Egan is quick to point out that there are also plenty of lithium resources in the United States In fact, the U.S. contributes approximately 2 percent of global supply even though it holds roughly 17 percent of global reserves.
Wherever those lithium resources may be residing, the key is developing new extraction technologies to make lithium more economical to harvest.
The Price of Lithium Batteries
Some wonder what might happen to the price of lithium-ion batteries as demand for lithium skyrockets. According to Egan, the lack of lithium exploration has been one problem. Another obstacle is the inefficient method of production which pushes lithium prices higher.
“Historically, there have been two lithium production methods,” Egan explained. “One is traditional hard rock mining. The second is extraction from a salt brine. Lithium is a salt found in extremely salty water alongside other salts. Producers recover those salts through natural evaporation. The problem is that they are only recovering about 30 percent of the available lithium.”
Better lithium production methods will lead to more economies of scale, and that will lead to more cost efficiencies. As more R&D and resources are poured into lithium production, costs will be driven down.
“Through EnergyX’s unique extraction process, we are able to recover 90% of the available lithium in a fraction of the time,” Egan said. It is very simple: Producing more in less time results in a lower cost of production. “We’ve basically created the equivalent of fracking for the lithium industry — without the environmental impact.”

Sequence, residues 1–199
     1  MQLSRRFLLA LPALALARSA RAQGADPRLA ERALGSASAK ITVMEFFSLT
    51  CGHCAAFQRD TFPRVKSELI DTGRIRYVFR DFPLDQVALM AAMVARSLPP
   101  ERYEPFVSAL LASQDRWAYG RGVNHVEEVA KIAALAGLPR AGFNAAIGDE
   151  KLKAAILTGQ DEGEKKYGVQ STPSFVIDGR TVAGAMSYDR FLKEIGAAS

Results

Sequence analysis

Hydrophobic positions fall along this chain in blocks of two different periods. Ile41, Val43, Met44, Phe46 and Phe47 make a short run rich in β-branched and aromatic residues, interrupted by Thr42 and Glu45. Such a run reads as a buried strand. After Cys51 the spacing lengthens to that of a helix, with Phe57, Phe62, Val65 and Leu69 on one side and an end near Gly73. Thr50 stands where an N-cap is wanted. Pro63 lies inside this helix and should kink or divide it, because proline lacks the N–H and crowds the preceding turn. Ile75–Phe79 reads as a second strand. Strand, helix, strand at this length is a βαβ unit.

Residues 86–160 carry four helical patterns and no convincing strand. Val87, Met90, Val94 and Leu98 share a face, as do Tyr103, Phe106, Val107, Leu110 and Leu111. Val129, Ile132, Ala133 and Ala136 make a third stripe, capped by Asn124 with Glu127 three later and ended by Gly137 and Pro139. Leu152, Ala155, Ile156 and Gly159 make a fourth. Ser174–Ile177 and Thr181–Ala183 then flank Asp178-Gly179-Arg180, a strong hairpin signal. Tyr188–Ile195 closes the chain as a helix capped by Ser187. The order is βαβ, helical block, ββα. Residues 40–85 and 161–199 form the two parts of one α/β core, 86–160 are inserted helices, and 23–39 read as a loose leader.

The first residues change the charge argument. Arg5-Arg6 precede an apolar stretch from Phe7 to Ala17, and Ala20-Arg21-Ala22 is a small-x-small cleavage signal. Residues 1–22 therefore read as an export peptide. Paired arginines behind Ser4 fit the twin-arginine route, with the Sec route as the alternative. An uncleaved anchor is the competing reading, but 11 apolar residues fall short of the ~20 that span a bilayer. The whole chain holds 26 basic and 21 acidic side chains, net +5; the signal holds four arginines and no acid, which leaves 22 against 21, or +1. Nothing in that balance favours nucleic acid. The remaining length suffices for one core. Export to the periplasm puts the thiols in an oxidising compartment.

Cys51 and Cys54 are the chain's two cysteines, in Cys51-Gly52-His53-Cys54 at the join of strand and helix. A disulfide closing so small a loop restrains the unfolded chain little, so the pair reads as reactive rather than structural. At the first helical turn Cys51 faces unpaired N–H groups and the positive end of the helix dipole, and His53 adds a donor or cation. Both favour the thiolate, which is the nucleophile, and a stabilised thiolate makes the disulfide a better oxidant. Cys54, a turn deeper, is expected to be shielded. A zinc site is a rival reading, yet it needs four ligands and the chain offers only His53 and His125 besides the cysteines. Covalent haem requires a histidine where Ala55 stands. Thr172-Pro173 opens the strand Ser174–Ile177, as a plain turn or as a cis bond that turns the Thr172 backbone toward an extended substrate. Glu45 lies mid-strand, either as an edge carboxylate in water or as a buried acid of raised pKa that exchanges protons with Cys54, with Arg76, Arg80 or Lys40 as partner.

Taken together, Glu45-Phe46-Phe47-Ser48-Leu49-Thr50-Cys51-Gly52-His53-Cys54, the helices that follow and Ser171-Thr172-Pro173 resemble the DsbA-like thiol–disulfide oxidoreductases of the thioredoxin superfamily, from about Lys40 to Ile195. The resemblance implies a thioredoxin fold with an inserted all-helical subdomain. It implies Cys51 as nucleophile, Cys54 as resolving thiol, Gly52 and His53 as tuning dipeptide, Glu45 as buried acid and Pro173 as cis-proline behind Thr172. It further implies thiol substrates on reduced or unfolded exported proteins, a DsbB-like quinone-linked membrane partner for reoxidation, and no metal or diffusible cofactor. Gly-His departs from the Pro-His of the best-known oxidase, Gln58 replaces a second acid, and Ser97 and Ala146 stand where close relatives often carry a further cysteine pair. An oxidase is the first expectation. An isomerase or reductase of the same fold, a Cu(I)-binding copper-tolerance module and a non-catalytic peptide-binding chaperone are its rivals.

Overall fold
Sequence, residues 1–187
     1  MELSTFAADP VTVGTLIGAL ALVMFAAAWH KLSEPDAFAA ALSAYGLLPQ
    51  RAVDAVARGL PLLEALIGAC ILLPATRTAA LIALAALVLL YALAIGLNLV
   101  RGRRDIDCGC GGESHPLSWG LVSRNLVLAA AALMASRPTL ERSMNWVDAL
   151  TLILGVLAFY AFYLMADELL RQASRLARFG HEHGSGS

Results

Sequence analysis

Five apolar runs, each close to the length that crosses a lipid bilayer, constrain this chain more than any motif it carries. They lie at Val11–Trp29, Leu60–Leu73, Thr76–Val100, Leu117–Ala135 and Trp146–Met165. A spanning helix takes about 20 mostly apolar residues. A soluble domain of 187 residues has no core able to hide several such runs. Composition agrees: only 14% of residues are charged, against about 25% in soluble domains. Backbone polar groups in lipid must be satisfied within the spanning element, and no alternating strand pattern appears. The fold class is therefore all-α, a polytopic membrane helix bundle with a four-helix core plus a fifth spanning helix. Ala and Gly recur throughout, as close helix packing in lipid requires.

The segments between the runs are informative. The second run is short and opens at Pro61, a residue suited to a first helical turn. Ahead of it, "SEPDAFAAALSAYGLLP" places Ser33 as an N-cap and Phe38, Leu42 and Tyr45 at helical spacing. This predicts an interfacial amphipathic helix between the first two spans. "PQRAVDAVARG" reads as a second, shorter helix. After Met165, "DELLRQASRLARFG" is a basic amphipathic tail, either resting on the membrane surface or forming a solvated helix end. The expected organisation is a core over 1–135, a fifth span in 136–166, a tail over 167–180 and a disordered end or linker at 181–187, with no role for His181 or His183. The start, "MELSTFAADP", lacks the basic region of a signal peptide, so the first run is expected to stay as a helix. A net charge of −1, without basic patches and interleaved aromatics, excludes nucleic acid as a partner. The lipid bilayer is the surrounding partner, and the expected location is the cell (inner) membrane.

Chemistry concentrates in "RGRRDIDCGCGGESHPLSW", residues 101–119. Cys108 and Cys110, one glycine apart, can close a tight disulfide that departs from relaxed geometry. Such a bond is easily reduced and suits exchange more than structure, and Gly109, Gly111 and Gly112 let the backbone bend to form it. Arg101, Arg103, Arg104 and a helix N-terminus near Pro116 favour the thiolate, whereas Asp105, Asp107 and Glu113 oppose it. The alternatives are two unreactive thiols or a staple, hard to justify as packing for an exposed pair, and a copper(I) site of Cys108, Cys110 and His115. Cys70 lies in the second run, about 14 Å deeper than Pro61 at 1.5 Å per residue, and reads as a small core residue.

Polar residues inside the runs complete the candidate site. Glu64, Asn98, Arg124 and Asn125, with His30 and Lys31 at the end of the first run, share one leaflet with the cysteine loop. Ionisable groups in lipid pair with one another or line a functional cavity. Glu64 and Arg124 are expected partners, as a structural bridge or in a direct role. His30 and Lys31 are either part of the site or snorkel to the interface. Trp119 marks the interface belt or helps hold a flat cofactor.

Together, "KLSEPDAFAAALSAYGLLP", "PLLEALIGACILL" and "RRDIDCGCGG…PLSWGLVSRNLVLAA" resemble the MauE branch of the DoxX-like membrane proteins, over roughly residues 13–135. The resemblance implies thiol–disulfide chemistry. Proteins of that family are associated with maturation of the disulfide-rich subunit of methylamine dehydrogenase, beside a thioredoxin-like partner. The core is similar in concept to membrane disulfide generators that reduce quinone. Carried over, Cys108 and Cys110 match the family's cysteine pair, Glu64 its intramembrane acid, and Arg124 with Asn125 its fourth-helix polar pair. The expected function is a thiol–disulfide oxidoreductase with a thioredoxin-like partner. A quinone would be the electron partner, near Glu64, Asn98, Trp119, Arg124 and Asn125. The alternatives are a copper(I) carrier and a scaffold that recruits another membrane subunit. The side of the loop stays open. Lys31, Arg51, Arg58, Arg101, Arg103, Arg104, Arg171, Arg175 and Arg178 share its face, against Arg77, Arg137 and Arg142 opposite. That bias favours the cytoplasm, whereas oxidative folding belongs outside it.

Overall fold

Beyond Lithium Ion
While there is a pretty clear line of sight to 2030, Duke Energy’s Kuznar said 2050 is a different story.
“That space between 2030 and 2050 is where we are really looking for emerging technologies to develop,” Kuznar said. That could be everything from burning hydrogen in turbines to longer-duration storage systems.
“Currently, these alternative technologies are not at the scale of lithium where you have these gigafactories [Tesla] and other big companies with big balance sheets that are manufacturing them,” Kuznar said.
Nonetheless, there is opportunity to further develop these alternative technologies over the next 30 years. One alternative Duke Energy has already been piloting is a zinc-based battery system from a company called Eos Energy Enterprises.
Another emerging technology that has caught Duke Energy’s eye is flow batteries. Kuznar said there are already some large, well-known companies, including Honeywell, that are already doing work in this space.
“This technology will help solve the long-duration battery storage problem, so we’re very excited to eventually begin testing flow batteries,” Kuznar said.
The Energy Transition
We’re only in the very early stages of the renewable energy transition. EnergyX’s Egan said battery technology will continue to improve. As more resources are invested in battery storage systems, batteries will continue to become smaller but last longer.
“I think you’ll eventually see batteries that could power houses and entire communities for weeks and months on end,” Egan said.